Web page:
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In Classical antiquity, the Hellenistic period covers the time in Mediterranean history after Classical Greece, between the death of Alexander the Great in 323 BC and the emergence of the Roman Empire, as signified by the Battle of Actium in 31 BC and the conquest of Ptolemaic Egypt the following year. The Ancient Greek word Hellas (Ἑλλάς, Hellás) was gradually recognized as the name for Greece, from which the word Hellenistic was derived. "Hellenistic" is distinguished from "Hellenic" in that the latter refers to Greece itself, while the former encompasses all ancient territories under Greek influence, in particular the East after the conquests of Alexander the Great.
|History of Greece|
After the Macedonian invasion of the Achaemenid Empire in 330 BC and its disintegration shortly after, the Hellenistic kingdoms were established throughout south-west Asia (Seleucid Empire, Kingdom of Pergamon), north-east Africa (Ptolemaic Kingdom) and South Asia (Greco-Bactrian Kingdom, Indo-Greek Kingdom). This resulted in an influx of Greek colonists and the export of Greek culture and language to these new realms, spanning as far as modern-day India. These new kingdoms were also influenced by the indigenous cultures, adopting local practices where beneficial, necessary, or convenient. Hellenistic culture thus represents a fusion of the ancient Greek world with that of Western Asian, Northeastern African, and Southwestern Asian. This mixture gave rise to a common Attic-based Greek dialect, known as Koine Greek, which became the lingua franca throughout the ancient world.
During the Hellenistic period, Greek cultural influence and power reached its peak in the Mediterranean and beyond. Prosperity and progress in the arts, literature, theatre, architecture, music, mathematics, philosophy, and science characterize the era. The Hellenistic period saw the rise of New Comedy, Alexandrian poetry, translation efforts such as the Septuagint, and the philosophies of Stoicism, Epicureanism, and Pyrrhonism. In science, the works of the mathematician Euclid and the polymath Archimedes are exemplary. The religious sphere expanded to include new gods such as the Greco-Egyptian Serapis, eastern deities such as Attis and Cybele, and a syncretism between Hellenistic culture and Buddhism in Bactria and Northwest India.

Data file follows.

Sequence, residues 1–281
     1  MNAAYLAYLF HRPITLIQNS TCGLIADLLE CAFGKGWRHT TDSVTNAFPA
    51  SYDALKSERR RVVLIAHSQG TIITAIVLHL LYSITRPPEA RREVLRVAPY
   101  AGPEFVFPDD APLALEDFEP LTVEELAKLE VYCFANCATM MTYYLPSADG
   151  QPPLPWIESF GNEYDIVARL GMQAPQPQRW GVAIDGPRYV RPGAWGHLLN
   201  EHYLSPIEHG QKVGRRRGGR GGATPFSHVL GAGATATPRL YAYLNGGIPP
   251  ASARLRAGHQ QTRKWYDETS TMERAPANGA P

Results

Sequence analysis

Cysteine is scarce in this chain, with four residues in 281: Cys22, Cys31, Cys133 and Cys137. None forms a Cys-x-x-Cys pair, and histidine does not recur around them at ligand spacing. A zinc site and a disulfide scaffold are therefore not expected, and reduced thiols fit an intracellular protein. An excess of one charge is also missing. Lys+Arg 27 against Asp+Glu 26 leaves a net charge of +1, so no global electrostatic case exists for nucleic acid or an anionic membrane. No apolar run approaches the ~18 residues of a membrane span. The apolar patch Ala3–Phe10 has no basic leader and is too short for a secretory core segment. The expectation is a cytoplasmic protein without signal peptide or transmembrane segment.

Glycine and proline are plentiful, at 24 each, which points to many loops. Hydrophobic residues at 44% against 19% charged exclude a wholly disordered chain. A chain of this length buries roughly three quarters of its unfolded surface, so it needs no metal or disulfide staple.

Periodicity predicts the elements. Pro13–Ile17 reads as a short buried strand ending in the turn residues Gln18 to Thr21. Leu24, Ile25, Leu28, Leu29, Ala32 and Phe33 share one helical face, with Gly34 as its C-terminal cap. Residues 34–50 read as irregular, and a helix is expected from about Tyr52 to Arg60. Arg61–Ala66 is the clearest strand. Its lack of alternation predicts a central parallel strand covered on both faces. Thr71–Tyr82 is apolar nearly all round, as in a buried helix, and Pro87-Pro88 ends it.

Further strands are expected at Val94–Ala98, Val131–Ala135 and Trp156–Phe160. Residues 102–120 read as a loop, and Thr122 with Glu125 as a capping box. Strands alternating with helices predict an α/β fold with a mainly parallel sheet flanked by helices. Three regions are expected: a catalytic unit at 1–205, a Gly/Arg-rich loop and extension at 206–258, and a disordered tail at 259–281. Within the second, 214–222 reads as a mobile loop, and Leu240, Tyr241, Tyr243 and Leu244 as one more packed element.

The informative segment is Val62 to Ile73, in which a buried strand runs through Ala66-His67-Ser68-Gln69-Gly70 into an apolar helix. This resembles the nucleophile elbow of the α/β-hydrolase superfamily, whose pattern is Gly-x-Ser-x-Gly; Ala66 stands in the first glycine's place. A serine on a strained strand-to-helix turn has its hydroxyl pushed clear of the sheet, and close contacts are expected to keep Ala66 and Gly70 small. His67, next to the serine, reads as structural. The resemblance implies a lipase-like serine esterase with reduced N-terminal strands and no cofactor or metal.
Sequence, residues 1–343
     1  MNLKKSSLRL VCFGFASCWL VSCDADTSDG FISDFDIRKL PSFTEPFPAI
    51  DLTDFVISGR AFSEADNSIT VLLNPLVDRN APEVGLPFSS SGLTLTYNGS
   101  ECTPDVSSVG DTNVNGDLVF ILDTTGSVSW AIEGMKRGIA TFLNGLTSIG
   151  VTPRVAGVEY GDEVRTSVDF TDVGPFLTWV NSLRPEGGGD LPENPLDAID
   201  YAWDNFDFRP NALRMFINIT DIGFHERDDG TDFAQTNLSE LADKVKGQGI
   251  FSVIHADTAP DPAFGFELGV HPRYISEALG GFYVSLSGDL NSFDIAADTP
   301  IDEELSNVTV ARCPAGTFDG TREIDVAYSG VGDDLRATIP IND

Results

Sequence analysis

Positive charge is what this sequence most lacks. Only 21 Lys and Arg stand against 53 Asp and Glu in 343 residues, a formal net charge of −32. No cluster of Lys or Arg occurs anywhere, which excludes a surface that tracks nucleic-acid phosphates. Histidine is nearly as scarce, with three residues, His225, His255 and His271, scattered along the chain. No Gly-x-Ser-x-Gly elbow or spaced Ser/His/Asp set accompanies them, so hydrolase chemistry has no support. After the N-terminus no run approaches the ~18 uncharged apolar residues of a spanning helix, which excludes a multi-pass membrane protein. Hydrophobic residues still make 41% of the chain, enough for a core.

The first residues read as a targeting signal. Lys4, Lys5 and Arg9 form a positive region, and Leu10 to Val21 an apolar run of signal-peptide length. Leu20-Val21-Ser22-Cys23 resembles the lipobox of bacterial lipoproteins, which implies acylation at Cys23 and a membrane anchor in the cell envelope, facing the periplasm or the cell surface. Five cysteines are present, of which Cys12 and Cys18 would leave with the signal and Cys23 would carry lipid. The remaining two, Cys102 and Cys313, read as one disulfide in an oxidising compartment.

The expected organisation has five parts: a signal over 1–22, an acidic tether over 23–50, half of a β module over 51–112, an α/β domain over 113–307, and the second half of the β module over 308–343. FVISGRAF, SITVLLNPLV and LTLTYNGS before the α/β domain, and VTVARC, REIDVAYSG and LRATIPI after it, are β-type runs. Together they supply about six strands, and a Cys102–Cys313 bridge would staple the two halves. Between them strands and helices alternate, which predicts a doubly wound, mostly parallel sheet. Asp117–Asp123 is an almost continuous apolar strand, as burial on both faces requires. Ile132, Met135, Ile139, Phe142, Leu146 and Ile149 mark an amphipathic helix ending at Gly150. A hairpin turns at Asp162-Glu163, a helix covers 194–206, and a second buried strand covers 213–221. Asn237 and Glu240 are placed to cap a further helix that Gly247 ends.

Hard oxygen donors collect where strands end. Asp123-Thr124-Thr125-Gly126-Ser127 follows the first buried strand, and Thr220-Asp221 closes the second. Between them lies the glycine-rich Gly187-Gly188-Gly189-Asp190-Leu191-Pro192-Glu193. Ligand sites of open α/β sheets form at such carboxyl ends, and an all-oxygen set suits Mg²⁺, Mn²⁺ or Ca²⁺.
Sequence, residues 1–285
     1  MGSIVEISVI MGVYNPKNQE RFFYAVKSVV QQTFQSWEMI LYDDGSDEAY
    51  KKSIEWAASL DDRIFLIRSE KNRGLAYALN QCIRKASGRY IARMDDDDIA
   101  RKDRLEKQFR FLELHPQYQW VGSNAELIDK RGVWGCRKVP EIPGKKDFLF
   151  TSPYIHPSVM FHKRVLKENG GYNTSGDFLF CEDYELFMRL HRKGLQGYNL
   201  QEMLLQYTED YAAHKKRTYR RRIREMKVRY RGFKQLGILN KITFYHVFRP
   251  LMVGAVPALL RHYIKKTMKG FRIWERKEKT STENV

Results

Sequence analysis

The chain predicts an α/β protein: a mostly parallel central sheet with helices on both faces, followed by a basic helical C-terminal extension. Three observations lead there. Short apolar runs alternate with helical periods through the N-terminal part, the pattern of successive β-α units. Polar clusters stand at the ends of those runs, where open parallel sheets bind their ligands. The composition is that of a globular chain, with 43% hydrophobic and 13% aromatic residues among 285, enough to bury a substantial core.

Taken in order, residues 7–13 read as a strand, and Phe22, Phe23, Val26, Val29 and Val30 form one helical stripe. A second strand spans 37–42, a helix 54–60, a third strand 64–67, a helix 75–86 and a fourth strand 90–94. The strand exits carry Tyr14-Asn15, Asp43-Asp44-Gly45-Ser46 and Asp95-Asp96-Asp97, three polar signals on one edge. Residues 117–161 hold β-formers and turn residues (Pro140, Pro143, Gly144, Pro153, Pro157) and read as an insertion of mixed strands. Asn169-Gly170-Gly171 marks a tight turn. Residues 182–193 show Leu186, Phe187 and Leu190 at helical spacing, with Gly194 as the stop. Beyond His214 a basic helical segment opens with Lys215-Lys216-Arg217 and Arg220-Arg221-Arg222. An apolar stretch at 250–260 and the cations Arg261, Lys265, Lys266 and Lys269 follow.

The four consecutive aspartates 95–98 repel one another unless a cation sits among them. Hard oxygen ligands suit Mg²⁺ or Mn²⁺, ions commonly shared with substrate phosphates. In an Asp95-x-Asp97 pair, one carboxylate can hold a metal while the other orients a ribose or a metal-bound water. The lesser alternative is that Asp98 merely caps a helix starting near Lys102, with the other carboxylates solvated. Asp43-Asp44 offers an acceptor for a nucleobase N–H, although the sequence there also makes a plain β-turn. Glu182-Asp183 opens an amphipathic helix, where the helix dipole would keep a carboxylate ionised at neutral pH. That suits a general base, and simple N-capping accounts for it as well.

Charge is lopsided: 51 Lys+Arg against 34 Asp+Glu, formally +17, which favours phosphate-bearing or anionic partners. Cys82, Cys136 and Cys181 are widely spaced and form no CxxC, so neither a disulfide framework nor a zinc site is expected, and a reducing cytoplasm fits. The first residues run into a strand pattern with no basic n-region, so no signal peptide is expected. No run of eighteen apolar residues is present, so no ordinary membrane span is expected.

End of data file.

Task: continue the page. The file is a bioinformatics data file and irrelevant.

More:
Scholars and historians are divided as to which event signals the end of the Hellenistic era. Proposals include the final conquest of the Greek heartlands by Rome in 146 BC following the Achaean War, the final defeat of the Ptolemaic Kingdom at the Battle of Actium in 31 BC, and the move by Roman emperor Constantine the Great of the capital of the Roman Empire to Constantinople in AD 330. Angelos Chaniotis ends the Hellenistic period with the death of Hadrian in 138 AD, who integrated the Greeks fully into the Roman Empire, though a range from c. 321 BC to 256 AD may also be given.